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BCS Explained

The first BCS standings were released earlier today. This is the ninth season using the BCS formula to determine who plays for the national championship. The top two teams at the end of the season will meet in Glendale, Arizona in the BCS National Championship game on January 8th, 2007.  

The current formula has three equal parts.

  1. A team's point total in the Harris Interactive Poll as a percentage of total points (max 2850).
  2. A team's point total in the USA Today Coaches Poll as a percentage of total points (max 1575).
  3. An average of six computer polls with the high and low discarded.  
Let's take a look at how Texas was ranked 9th with 0.6841 points in the initial poll.

In the Harris poll, Texas is ranked 5th with 2360 total points.
So, the first part of Texas' score is 2360 actual points / 2850 total points = 0.828

In the Coaches poll, Texas is ranked 5th with 1341 total points.
So, the second part of Texas' score is 1341 actual points / 1575 total points = 0.834

The third part is a little more complicated. There are six computers rankings used by the BCS: Anderson/Hester, Richard Billingsley, Colley Matrix, Ken Massey, Jeff Sagarin, and Peter Wolfe. Each produces a top 25. The top ranked team is awarded 25 points. The second ranked team is awarded 24 points. This continues until the 25th ranked team is awarded just a single point. If a team is not ranked in the top 25, they are awarded no points. The computer rankings take into account who you beat and where but not by how much.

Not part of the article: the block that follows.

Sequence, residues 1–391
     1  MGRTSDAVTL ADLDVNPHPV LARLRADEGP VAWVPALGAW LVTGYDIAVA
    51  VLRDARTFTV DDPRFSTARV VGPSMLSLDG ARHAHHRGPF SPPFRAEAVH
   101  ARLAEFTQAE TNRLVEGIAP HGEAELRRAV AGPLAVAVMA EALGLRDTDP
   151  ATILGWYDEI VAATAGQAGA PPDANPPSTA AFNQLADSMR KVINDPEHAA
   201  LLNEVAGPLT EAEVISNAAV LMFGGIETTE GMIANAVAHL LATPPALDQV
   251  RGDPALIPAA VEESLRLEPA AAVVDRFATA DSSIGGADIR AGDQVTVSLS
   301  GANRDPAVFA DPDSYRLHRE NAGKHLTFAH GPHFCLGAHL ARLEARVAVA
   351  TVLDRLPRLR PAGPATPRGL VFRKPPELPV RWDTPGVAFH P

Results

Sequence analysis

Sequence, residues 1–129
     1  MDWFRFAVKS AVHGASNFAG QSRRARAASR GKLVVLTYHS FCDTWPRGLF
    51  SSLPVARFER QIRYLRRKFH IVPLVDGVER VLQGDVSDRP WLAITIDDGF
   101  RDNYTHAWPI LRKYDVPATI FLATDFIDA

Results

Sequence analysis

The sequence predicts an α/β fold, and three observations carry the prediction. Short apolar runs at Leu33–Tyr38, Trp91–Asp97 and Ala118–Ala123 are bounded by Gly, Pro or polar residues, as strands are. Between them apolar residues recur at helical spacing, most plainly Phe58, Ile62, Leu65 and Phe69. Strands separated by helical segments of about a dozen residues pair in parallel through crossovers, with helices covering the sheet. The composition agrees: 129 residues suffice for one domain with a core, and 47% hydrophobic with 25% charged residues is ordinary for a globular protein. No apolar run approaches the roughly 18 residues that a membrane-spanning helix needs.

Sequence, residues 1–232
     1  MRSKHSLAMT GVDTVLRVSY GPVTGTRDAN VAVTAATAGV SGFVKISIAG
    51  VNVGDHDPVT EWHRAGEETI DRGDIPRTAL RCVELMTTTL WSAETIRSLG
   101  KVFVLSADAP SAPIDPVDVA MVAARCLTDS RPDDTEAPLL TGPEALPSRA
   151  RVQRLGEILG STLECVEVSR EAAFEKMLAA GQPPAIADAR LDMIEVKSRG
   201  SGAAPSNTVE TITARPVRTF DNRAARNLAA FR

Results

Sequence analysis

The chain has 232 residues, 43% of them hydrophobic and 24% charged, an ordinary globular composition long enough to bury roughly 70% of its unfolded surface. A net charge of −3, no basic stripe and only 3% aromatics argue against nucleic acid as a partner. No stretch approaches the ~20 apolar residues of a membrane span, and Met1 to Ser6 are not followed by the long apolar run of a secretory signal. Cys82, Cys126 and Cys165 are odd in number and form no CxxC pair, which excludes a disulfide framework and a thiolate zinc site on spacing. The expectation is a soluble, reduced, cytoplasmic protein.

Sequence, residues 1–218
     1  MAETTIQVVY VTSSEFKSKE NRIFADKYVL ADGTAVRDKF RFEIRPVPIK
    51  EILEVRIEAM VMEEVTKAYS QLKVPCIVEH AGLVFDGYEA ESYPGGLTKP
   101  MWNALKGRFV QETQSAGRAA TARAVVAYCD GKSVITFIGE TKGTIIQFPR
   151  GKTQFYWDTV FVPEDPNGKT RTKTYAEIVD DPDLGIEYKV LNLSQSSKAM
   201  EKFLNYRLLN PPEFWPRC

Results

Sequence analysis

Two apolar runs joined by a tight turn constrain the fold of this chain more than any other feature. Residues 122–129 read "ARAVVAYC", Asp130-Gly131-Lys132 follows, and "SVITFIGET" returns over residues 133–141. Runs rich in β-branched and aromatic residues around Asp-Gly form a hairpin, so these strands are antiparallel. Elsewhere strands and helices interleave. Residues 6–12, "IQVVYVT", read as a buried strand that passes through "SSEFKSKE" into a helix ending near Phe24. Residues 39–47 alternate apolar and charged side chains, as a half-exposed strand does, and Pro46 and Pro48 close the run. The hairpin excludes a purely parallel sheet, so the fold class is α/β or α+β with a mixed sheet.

Texas is currently ranked 17th, 7th, 17th, 15th, 16th and 18th in the six computers. These correspond to 9, 19, 9, 11, 10, and 8 points each. The highest and lowest are thrown out and the rest added together. The total is then divided by a possible 100 points.
So, the last part of Texas' score is 9 + 19 + 9 + 11 + 10 + 8  = 39 / 100 = 0.390

Add up each of the three parts and divide by three.
(0.828 + 0.834 + 0.390) / 3 = 0.6841.

Texas is getting killed by the computer rankings up to this point in the season. This will improve as we play tougher competition. Even though we played Ohio State, our overall strength of schedule is heavily deflated by Sam Houston State, Rice, and North Texas. As long as we continue to win, our computer rankings will improve as we add Nebraska, Texas Tech, and Texas A&M to the mix.